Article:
38 values and initial concentrations of magnesium, phosphate and ammonium. The initial concentrations of these ions were equal to the total concentrations of magnesium (Mg T ), nitrogen (N T ) and phosphorus (P T ) species i n the system. Data from model simulations are presented i n Table 2 4. Solids containing magnesium are listed in T able 2 4, but the model considers a total of 15 solids as mentioned earlier. The model was found to satisfactorily predict struvite formation for all literature data. Five of these datasets marked b y in Table 2 4 need additional explanation. Closer inspection of experimental methods as described in these references revealed that the struvite concentration reported was actually total solids concentration. For example, Loewenthal et al. (1994) estimated struvite concentration from differences in average molar concentration of Mg 2+ NH 4 + and PO 4 3 between initial and final values in solution of these species. Since Mg 2+ and PO 4 3 can form insoluble compounds other than struvite, for example MP8 MP22, MHP and Mg(OH) 2 difference s in initial and final concentrations do not truly represent concentration s of struvite but represent concentration of solids. Using the experimental conditions of Loewenthal et al. (1994), the model predicted total soli ds concentration of 733 mg/L of which struvite was the only mg/L with MHP being the other dominant solid. Experimentally reported struvite was 601 mg/L which in reality could be the total solids concentration and was in agreement to the total solids predicted by the model. This researcher is reporting no data on calcium concentration. Harada et al. (2006) reported that most phosphate in their experiments was precipitated in the form of struvite. Initial total calcium concentration reported was 1.21 mmol/L which was input for validation. Experimental data indicated that 12.3 mM of PO 4 3 was precipitated as struvite (1685 mg/L). This value, however, was approximately equal to the total solids predicted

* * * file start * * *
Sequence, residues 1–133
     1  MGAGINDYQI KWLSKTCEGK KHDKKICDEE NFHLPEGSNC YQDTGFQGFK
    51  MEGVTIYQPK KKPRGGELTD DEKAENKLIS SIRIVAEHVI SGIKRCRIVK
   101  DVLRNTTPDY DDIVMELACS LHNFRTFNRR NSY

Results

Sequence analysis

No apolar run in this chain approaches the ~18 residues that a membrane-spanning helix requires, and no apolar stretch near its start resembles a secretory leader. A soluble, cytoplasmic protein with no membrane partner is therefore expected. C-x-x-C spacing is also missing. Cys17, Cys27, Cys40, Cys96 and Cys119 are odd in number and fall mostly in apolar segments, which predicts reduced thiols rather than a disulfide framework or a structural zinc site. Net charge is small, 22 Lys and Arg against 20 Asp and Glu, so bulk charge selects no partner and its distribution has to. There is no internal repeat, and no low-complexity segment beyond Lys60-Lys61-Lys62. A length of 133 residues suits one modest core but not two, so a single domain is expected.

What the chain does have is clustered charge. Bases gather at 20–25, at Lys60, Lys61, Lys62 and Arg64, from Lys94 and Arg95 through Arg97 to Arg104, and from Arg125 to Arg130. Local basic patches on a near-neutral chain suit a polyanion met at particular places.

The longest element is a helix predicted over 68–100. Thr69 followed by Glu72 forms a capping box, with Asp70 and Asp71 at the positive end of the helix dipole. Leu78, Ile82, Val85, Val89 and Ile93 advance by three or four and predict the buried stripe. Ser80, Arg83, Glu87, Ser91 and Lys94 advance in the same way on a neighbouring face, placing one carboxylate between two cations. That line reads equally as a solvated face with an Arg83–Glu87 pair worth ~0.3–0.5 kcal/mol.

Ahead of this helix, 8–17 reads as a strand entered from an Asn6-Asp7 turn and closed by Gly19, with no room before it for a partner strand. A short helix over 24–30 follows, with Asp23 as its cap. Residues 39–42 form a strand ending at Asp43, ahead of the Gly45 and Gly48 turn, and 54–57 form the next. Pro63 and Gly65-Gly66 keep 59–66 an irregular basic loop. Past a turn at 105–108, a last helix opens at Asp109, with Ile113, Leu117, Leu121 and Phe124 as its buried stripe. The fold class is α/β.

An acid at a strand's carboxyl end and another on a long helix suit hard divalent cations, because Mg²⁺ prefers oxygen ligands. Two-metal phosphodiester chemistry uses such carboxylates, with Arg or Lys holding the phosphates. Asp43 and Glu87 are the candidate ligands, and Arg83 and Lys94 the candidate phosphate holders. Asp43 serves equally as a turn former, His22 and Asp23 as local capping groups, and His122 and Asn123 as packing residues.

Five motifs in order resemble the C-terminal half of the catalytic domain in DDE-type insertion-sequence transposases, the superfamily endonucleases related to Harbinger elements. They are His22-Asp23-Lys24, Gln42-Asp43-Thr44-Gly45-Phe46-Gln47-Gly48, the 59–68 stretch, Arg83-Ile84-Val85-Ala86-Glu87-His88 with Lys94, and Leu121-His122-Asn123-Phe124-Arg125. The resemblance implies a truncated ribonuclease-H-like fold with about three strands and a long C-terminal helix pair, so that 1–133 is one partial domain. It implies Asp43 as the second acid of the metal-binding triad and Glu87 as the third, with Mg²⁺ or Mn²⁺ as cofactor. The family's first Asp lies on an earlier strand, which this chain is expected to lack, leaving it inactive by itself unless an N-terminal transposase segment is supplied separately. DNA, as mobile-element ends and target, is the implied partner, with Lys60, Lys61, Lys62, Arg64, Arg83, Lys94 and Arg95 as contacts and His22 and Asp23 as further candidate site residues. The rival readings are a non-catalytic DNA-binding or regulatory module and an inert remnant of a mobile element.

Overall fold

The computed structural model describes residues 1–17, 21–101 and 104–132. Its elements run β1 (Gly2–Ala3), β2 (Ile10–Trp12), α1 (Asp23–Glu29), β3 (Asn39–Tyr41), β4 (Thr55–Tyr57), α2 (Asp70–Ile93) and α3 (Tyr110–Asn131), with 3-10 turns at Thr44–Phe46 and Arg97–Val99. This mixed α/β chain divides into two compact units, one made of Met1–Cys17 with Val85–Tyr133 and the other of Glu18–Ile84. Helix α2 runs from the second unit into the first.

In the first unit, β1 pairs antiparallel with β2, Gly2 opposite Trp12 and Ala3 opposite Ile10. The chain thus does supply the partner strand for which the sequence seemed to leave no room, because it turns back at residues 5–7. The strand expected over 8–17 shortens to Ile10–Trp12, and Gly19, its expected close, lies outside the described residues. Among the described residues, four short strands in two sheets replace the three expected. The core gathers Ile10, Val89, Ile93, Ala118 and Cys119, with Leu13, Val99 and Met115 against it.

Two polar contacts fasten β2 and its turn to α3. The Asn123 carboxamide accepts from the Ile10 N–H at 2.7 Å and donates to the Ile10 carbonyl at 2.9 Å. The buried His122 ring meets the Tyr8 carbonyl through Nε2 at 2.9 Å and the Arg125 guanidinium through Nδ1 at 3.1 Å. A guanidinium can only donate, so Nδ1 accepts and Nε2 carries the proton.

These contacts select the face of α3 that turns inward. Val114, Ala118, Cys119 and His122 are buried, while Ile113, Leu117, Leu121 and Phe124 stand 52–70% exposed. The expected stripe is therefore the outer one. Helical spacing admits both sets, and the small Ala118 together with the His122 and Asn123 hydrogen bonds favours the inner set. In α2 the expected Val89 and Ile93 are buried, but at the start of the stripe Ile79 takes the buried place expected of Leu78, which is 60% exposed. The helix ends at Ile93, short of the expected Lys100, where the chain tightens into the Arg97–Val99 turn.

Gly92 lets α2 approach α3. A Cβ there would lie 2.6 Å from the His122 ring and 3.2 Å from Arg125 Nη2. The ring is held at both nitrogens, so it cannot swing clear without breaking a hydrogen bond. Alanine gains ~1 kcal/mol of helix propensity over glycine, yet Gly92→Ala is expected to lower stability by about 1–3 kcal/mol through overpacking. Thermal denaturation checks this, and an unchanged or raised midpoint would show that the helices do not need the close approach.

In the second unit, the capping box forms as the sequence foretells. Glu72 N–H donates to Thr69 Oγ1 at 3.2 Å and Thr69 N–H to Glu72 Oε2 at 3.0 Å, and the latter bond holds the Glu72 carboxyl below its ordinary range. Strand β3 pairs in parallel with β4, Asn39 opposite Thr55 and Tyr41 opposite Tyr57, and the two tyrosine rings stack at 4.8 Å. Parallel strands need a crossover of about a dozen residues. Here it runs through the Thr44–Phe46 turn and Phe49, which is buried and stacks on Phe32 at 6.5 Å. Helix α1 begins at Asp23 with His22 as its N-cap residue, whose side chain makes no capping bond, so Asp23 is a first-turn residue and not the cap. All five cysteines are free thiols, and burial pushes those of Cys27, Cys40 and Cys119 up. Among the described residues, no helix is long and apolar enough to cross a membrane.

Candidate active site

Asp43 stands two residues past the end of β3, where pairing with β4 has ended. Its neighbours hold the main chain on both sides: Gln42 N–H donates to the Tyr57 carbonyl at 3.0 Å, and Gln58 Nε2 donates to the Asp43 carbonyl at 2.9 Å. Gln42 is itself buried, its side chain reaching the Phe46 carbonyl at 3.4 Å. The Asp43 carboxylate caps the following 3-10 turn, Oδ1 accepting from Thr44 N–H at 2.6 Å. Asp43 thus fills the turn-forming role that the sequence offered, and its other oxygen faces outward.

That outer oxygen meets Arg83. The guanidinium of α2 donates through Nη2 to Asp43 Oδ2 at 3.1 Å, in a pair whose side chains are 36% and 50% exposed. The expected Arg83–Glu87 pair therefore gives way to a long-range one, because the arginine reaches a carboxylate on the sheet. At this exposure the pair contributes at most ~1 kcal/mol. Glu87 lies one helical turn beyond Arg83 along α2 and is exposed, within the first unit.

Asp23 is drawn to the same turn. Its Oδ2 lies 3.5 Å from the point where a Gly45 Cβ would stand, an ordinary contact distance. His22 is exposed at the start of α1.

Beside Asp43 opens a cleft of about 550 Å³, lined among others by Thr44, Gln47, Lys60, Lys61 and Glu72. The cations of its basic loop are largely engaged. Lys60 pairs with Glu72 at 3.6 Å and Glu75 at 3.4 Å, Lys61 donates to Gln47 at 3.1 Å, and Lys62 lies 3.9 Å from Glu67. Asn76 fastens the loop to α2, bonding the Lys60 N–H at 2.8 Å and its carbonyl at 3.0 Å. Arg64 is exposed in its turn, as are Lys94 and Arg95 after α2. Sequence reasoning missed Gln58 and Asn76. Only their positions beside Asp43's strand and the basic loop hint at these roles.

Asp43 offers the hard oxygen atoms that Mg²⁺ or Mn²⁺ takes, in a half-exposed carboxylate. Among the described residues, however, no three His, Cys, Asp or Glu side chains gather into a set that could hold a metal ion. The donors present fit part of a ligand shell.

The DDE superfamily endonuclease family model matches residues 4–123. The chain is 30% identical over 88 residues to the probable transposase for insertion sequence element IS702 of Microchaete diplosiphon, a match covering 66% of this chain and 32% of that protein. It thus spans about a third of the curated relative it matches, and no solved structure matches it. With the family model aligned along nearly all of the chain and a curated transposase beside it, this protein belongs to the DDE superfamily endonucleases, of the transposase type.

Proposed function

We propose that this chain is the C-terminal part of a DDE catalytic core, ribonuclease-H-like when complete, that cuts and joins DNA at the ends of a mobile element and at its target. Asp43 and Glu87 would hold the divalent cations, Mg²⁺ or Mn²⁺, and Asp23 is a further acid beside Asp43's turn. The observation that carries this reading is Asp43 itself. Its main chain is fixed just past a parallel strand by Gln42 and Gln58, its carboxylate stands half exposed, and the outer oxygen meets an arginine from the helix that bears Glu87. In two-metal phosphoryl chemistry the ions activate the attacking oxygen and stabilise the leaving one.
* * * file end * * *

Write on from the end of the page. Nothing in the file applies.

39 (1706.2 m g/L) by the model. Concentrations of NH 4 + and Mg 2+ used here were higher than concentration of phosphate. The model showed that other significant components which could make up the solid phase included MP8 (88 mg/L), MHP (222.9 mg/L) CaHPO 4 (15.6 mg/L ) and CaHPO 4 .5H 2 O (7 mg/L). Hence under phosphate limiting conditions, struvite is not the only component in the precipitate. T nay et al. (1997) used a 1:1:1 stoichiometric proportion of ammonia: magnesium phosphate for experiments. At the conclusion of the experiments the solution was filtered and concentrations of total ammonia and phosphate were measured in the filtrate. The difference in the initial and final concentrations of ammonia was assumed to have been precipitated as struvite. In an experim ent with initial pH of 9 and magnesium, total ammonia and phosphate concentrations of 14.26 mM each, 1714 mg/L struvite was precipitated. However, this concentration corresponded to the concentration of total solids predicted by the model. Struvite produc ed was only 1017.7 mg/L about 59.37% of the total solids produced. Formation of two calcium containing solids Ca 3 (PO 4 ) 2 (495.8 mg/L) and CaHPO 4 (384.4 mg/L) was observed. A 1:1:1 molar ratio of ammonia, phosphate and magnesium does not yield a predomin antly struvite precipitate. Similar observations are applicable to data from Stratful et al. (2001). The error in solids concentration which was predicted by the model and that measured in the experiments was mostly less than 10%. But a comparison of model predictions to T nay et al. (1997) and Lowenthal et al. (1994) gave the largest error which was more than 10%. Given the complexity of real wastewaters this researcher observed that the error in model prediction for the case of a mixture of landfi ll leachate and domestic wastewater was only 5%. Depending on the experimental conditions such as pH and initial ratios of magnesium, ammonium and phosphate, the solid phase can consist of several components not just struvite.